6 Ground EMS services, air medical services, hospitals, and third-party payers should understand that in order to make the air transport resource available to those who need it, a certain level of over-triage is unavoidable. Also, decision making about patient transport should take into account the capabilities of local and regional EMS and hospitals. Given the inherent uncertainty surrounding prehospital diagnosis and triage, an EMS system with zero air transport overtriage is almost certainly underutilizing its helicopter resource. On the other hand, while this position statement is intended to address air medical dispatch (as considered prospectively), it must be emphasized that an ongoing process of utilization review is critical to optimizing utilization of the air transport resource. Such utilization review can be focused upon both triage characteristics (e.g., mechanism of injury) and retrospective review of patient course at the receiving hospital (e.g., early discharge without diagnostic or therapeutic intervention). Just as it is important to appropriately incorporate air transport into the scene and interfacility transport needs of a region, utilization review should be aimed at both mission types. As for interfacility transports, the historical prerogative of referring hospital treating physicians to determine transport mode is subject to increasing scrutiny. Because of understandable concerns about Consolidated Omnibus Reconciliation Act/ Emergency Medical Treatment and Labor Act (COBRA/EMTALA)-related liability for intratransport deterioration, referring physicians may occasionally overtriage patients to helicopter transport. It is hoped that these guidelines may help frame the transport decision-making process in such fashion as to optimize transport mode appropriateness, maximize resource utilization, and serve as a foundation to support case-by-case triage decisions made by referring physicians. The increasing complexity of transport decision making has emphasized the importance of air transport services medical directors being available for real-time consultation as to transport mode. Research has

7 shown that regions may benefit from detailed assessment of their specific geographic/ logistical situations, with generation of maps serving as guides to assist in air vs. ground triage. 8 Prior to creating this position paper, the literature concerning the transport of trauma and nontrauma patients was reviewed and summarized by a subcommittee of the NAEMSP Air Medical Services Task Force. The reader is referred to these annotated bibliographies, published previously in Prehospital 9,10 Emergency Care, for an overview of studies addressing air transport and patient outcomes. The literature reviews are not comprehensive, and the literature has continued to grow even in the short interval between researching of the bibliographies and publication of the reviews. For example, recent studies have reinforced arguments in favor of helicopter transport of blunt trauma patients and strongly suggested outcomes benefit for interfacility air transport for a subset of patients with acute myocardial 13 infarction. Additionally, the Task Force recognizes that air transport modalities should play a cooperative role in systemwide responses to disasters and mass casualty incidents; the potential contributions of air transport services in these situations are not discussed in this paper since they have been outlined in Prehospital Emergency Care ,12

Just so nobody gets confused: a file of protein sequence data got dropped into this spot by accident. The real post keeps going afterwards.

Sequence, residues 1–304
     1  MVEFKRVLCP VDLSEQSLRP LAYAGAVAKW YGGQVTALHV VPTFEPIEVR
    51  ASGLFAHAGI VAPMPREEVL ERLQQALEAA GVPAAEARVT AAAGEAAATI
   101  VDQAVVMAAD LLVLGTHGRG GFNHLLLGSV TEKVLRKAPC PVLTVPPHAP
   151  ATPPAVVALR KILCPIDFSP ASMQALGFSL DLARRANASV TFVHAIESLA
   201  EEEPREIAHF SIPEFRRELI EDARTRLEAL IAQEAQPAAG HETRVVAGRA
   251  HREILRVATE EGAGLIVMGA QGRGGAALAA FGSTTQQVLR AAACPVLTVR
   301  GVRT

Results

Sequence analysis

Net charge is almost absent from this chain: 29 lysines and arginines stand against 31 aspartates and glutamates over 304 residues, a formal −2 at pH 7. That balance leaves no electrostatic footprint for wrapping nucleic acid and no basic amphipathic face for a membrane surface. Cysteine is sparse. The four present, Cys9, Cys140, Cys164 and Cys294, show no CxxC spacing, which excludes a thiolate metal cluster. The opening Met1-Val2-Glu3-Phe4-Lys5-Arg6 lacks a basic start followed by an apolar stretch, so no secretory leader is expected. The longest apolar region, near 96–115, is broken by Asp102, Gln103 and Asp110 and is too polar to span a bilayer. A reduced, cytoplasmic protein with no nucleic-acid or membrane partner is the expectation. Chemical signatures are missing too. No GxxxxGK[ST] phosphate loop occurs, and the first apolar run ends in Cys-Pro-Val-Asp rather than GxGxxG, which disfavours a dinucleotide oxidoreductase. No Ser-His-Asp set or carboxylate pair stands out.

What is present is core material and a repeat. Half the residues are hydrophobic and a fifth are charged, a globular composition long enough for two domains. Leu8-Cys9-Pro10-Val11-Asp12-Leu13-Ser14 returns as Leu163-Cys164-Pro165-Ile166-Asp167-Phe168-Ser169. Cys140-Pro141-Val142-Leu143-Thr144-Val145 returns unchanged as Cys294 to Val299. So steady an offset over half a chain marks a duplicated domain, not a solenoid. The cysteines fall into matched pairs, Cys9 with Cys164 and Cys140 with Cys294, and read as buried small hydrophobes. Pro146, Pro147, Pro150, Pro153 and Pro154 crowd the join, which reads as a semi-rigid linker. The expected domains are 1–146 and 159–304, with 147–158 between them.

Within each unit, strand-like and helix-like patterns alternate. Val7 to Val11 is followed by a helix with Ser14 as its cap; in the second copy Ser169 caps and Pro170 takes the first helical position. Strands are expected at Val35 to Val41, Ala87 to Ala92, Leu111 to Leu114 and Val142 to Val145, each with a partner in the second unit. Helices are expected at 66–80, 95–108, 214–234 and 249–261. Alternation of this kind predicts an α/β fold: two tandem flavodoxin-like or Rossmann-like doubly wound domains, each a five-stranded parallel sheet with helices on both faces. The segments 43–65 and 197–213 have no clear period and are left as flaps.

8 In summary, the guidelines that follow are offered as a noncomprehensive overview of clinical and logistical situations in which air medical dispatch may be appropriate. The Task Force offers these guidelines as an aid to EMS systems operational planning, with the earlier mentioned caveats most importantly, that no set of guidelines should be interpreted as dogma and that the judgment of those at the patient s side should always count foremost in decision making.

9 TABLE 1. Questions That Can Assist in Determining Appropriate Transport Mode Does the patient s clinical condition require minimization of time spent out of the hospital environment during the transport? Does the patient require specific or time-sensitive evaluation or treatment that is not available at the referring facility? Is the patient located in an area that is inaccessible to ground transport? What are the current and predicted weather situations along the transport route? Is the weight of the patient (plus the weight of required equipment and transport personnel) within allowable ranges for air transport? For interhospital transports, is there a helipad and/or airport near the referring hospital? Does the patient require critical care life support (eg, monitoring personnel, specific medications, specific equipment) during transport, which is not available with ground transport options? Would use of local ground transport leave the local area without adequate emergency medical services coverage? If local ground transport is not an option, can the needs of the patient (and the system) be met by an available regional ground critical care transport service (i.e., specialized surface transport systems operated by hospitals and/or air medical programs)?